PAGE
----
Asystasia gangetica is a lovely groundcover that gets miniature Mackaya bella-like white flowers.

 

 

 

Asystasia gangetica is an attractive groundcover with dark green leaves and masses of miniature Mackaya bella-like white flowers. It grows well in the partial shade of tree canopies as well as in full sun. It is a must for butterfly friendly gardens as it is the larval host to a number of garden butterfly species.

Family:                                 ACANTHACEAE                (Mackaya family)

Name Derivation:

  • Asystasia – means inconsistency and refers to the corolla that is more or less regular, unusual for Acanthaceae members.
  • gangetica – after the Ganges River in India.

Common Names:

  • Asystasia, creeping foxglove (Eng), rankvingerhoedjie (Afr) and isihobo (Zul).

Form:                                   A spreading, leafy groundcover.

Size:                                      45 cm by 60 cm.

 Flower:

  • White tubular flowers, 1.5 cm wide.
  • Borne 1 to 3 at a time on a short upright inflorescence.

Colour:                             White with purplish speckles on the lower lip.

Fragrant:                          Scented.

Flowering Months:        Sep – Apr, all year in warm climates.

 Foliage:

  • Evergreen, may frost back in cold weather.
  • The simple leaves are ovoid, (4 by 2 cm), tapering to a pointed tip.

Asystasia gangetica, Creeping foxglove, has white, tubular flowers that have an intricate purple pattern on the lower lip.

Besides its showy white flowers, Asystasia gangetica has attractive dark green leaves.

 

Asystasia gangetica is free-flowering through the summer and autumn in Gauteng, in warmer climes it flowers all year.

Thorns:  No thorns.

Fruit: 

  • The fruit is a small capsule that ‘explodes’ to disperse the seeds.

 In the Garden:

  • This plant is a useful groundcover for shady areas under trees.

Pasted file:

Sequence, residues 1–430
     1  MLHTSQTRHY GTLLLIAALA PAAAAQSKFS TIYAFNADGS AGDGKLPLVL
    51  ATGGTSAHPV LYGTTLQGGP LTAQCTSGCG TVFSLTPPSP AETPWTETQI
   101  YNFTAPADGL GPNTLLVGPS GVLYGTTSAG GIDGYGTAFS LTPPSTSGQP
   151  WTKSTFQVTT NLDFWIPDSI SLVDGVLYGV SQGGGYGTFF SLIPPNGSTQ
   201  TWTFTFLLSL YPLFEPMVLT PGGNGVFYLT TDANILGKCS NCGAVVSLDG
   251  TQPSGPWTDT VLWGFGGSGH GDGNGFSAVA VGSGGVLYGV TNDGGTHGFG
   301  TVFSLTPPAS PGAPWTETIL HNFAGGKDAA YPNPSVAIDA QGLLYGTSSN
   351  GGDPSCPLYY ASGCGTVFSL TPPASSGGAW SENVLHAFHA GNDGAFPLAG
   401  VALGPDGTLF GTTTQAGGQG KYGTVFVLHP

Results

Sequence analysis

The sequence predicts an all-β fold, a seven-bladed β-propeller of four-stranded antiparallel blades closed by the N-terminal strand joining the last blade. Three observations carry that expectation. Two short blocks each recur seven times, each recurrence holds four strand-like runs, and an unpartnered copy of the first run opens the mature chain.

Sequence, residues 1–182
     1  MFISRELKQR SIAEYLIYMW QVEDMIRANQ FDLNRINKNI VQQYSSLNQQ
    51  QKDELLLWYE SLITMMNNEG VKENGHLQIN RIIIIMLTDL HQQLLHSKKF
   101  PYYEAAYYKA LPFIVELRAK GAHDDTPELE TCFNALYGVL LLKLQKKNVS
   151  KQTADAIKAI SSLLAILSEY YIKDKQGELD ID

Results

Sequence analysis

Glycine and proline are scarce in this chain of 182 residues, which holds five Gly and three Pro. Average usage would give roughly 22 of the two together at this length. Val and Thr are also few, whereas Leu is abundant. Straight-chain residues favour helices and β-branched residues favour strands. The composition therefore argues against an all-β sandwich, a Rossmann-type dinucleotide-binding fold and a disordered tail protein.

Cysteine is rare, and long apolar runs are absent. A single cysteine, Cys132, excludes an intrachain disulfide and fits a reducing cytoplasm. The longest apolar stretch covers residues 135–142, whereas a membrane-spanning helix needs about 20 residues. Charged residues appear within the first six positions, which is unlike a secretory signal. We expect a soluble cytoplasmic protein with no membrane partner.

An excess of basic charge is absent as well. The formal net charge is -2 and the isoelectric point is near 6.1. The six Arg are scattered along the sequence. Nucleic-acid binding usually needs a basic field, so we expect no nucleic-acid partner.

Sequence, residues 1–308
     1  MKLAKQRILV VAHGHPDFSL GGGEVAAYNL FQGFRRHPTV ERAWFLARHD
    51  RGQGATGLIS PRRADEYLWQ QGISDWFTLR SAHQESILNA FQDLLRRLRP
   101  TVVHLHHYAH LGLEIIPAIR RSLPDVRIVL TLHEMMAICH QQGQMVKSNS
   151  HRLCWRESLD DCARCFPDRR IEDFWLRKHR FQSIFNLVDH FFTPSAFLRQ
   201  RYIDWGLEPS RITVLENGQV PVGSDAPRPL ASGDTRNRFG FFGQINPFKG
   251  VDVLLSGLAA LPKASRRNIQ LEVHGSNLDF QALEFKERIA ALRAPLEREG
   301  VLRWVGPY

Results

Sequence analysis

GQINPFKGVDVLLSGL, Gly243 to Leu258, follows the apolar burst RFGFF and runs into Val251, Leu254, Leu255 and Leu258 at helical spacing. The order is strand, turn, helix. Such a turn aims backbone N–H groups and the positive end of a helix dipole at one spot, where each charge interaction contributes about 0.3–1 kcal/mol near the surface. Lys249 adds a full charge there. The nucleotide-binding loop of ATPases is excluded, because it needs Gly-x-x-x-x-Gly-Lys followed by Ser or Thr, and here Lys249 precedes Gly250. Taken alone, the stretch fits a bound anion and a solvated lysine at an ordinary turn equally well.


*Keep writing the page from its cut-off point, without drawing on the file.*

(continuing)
• Equally suited to mass planting in sunny areas provided the area receives regular irrigation.
  • Well suited to containers and planters, where their trailing habit can be put to good effect.
  • May be used with Dietes grandiflora and Clivia miniata for a contrasting texture.

Planting spacing:    3 per square metre.

Soil Needs:

  • Will grow in all soil types given enough compost.

Care:

  • A reasonably high maintenance garden plant.
  • Requires regular feeding and watering.
  • Requires fairly regular pruning to keep it in control.
  • Like many soft herbs, A. gangetica is susceptible to attack from dodder (Cuscuta campestris).

Cold Hardiness:                Fairly cold hardy, may frost back.

Water Requirements:

  • Needs regular water to maintain a lush appearance.

Light Requirements:     Partial shade to full sun.

Roots:                     Not invasive.

Birds:                     Insectivorous birds will forage among the plants.

You need to look closely to see the full beauty of the Asystasia flowers.

The Common Diadem (Hypolimnas misippus) uses Asystasia gagetica as a larval host plant.

Insects and Butterflies:

  • Bees and other insects feed from the flowers.
  • Asystasia gangetica is larval host to Common Diadem, Yellow Pansy and Blue Pansy, all regular garden butterflies in Gauteng.
  • Elsewhere it is larval host to Brown Pansy, Soldier Pansy, Common and Cloudy Mother-of-pearl.

Medicinal:                          No medicinal use found.

Poisonous:                         Not Poisonous.

 

Notes of interest:

 

  • The leaves are prepared and eaten as spinach.
  • Very closely related to Mackaya bella, which was once called Asystasia bella.
  • Two subspecies are recognized, gangetica and micrantha, the latter is found in southern Africa.
  • There is a form known as A. gangetica ‘aurea’ that has attractive yellowish-green leaves.

Asystasia gangetica “auria” is a form that has attractive yellowish green leaves.

Natural Distribution:

  • Found in the EC, KZN, Swa, M, L, Bot, Nam and Moz.
  • Outside southern Africa its range extends to tropical Asia.

Natural Habitat:            Forests and woodlands.

© Malcolm Dee Hepplewhite & Witkoppen Wildflower Nursery, (Text and Photographs) 2012 & 2018.